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Common sense prevails: New proxy advice regulations overturned by the Senate

Erica Hall  |  11 Feb 2022Text size  Decrease  Increase  |  
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OPINION / Days after they came into effect, the Federal Government's contentious regulations on proxy advisers have been overturned by the Senate. Independent Senator Rex Patrick passed a motion for disallowance of the new regulation successfully attracting a majority vote. This means the new regulations now cease to have any effect.

Morningstar believes this is the best outcome for investors. In their short time in existence, the disruption caused by these reforms to the proxy advice sector have been significant, both in terms of time wasted during a peak reporting season period and the costs incurred of applying for a new Australian Financial Services Licence (AFSL). Long-term, we also believe these reforms would have placed undue pressure on a sector that has been effectively highlighting corporate issues, helping institutional clients identify weaknesses and mitigate risks, and ultimately improving investor outcomes. It’s great to see our democratic process in action and that the right result was achieved for the industry and investors.

The proxy advice reforms rushed through law at the end of the Australian parliamentary year in 2021 have been highly contentious. The crux of the issue was the process behind these reforms which bypassed the usual legislative process and instead relying on delegated legislation. The new regulations came into effect just a few days ago and February 10th was the first opportunity for any formal response from parliament.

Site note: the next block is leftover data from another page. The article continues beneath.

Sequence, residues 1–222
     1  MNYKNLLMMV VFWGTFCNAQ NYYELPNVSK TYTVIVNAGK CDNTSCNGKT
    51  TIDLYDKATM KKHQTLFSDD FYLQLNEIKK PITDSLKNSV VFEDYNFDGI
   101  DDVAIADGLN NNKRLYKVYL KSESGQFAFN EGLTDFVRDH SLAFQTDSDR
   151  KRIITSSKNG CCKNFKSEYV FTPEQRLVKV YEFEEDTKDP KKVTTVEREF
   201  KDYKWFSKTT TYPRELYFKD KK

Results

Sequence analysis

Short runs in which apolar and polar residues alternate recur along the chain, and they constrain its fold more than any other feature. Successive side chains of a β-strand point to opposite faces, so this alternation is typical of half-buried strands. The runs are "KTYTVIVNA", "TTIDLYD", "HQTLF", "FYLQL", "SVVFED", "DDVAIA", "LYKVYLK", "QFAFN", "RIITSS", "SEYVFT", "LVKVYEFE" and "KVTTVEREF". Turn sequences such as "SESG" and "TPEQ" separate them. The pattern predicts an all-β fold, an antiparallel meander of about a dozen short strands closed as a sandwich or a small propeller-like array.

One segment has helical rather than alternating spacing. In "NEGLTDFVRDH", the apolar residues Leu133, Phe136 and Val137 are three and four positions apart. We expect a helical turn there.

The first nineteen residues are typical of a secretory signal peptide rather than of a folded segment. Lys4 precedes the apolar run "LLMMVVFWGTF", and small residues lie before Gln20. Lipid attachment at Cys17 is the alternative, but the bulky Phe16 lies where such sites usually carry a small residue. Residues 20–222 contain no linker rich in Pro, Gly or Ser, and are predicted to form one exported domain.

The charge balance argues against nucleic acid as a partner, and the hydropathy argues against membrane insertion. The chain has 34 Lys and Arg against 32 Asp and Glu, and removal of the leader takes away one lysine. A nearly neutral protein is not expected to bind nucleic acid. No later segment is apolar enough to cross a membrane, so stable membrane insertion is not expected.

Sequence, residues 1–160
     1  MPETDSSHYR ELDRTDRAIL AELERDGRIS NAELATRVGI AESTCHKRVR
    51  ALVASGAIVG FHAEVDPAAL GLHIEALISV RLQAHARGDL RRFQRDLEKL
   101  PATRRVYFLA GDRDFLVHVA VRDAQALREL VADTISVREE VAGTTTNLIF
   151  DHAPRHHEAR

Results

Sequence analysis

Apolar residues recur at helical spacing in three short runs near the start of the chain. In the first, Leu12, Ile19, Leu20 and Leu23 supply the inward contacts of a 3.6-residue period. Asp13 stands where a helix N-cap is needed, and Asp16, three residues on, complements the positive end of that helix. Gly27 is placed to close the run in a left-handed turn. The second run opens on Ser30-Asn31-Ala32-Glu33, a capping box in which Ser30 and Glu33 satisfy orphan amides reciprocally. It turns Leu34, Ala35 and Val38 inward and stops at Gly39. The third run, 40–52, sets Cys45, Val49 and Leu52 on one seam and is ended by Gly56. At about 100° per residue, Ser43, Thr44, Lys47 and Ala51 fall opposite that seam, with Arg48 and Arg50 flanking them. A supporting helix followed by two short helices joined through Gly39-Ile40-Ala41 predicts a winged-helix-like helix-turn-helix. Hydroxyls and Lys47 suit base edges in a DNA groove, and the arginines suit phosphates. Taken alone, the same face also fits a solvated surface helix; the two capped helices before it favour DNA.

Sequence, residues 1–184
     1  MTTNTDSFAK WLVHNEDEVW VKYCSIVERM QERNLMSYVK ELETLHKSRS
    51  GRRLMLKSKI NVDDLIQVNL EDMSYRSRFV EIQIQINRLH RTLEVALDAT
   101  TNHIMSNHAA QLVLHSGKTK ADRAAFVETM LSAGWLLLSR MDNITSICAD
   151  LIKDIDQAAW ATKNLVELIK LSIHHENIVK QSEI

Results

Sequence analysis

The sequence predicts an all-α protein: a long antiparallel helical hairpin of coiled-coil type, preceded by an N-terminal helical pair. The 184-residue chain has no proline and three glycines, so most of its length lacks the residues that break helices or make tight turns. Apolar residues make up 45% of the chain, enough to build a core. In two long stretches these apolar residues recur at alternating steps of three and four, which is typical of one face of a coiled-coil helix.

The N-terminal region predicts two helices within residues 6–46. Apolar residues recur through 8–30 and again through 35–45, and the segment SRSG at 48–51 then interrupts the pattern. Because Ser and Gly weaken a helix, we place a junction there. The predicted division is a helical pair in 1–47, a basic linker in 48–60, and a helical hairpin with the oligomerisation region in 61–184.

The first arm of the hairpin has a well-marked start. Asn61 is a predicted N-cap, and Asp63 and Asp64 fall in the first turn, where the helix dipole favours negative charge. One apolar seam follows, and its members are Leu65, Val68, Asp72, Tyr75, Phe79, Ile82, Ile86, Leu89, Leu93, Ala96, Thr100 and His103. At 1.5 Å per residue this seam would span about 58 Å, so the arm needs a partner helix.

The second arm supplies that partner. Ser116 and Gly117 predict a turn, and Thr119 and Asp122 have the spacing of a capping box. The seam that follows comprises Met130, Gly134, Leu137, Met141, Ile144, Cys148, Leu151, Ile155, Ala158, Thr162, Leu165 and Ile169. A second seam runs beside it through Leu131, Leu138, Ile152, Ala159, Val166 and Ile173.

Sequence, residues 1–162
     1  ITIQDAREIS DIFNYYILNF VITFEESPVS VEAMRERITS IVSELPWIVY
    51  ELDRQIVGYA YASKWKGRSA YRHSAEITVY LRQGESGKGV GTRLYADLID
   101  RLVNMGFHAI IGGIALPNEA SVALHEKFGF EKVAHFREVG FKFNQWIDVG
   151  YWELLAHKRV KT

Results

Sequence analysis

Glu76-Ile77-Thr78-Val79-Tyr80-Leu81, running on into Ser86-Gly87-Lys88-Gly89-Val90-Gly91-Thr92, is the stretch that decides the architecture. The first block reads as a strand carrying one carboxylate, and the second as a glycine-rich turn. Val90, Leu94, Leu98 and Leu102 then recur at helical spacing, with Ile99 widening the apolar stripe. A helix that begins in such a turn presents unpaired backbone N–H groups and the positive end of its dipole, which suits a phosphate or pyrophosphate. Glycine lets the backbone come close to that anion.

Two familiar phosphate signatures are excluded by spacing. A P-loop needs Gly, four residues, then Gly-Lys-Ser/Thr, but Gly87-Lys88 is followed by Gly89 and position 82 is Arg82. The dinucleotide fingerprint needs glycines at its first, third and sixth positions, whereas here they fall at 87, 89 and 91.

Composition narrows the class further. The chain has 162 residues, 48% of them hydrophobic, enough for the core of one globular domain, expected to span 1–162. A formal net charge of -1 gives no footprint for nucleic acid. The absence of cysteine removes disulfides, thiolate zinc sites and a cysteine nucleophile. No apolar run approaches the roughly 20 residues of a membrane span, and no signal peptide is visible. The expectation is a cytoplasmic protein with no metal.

Previously, the bi-partisan Senate committee highlighted concerns that the motives for introducing the regulatory changes and the mode by which it has occurred were opaque. The intended benefits were unclear because there had not been open discussions with all stakeholders. The process itself has been controversial, made in the name of “transparency and accountability”, which was ironic as the process by which the reforms were introduced were not transparent. It remains difficult to understand why it was necessary to take such an approach. These are issues we have already called out.

Morningstar’s overarching concern was that the original proxy advice reforms tipped the balance of power to companies at shareholders' expense. Proxy advisers serve an important role in the otherwise fragmented market of Australian corporate governance. They help to bring companies and shareholders together to resolve issues that companies might otherwise dismiss or ignore.

Institutional investors such as superannuation funds and fund managers engage proxy advisers to help with their decision-making process relating to the companies they invest in or are considering investing in on behalf of their investors. As fiduciaries of substantial sums of money, this is an important part of their due diligence. However ordinary company shareholders also benefit from the work undertaken by proxy advisers and institutional investors, any investor in the company reaps the rewards of the process.

Proxy advice is a specialised field as proxy advisers need to have the expertise to be able to effectively engage with companies and then provide their clients with independent advice on a range of issues. This includes director reappointments, executive remuneration, and topical issues such as climate change. Companies generally dislike the proxy advice process because it challenges the status quo, allowing their investors to hold them to account.

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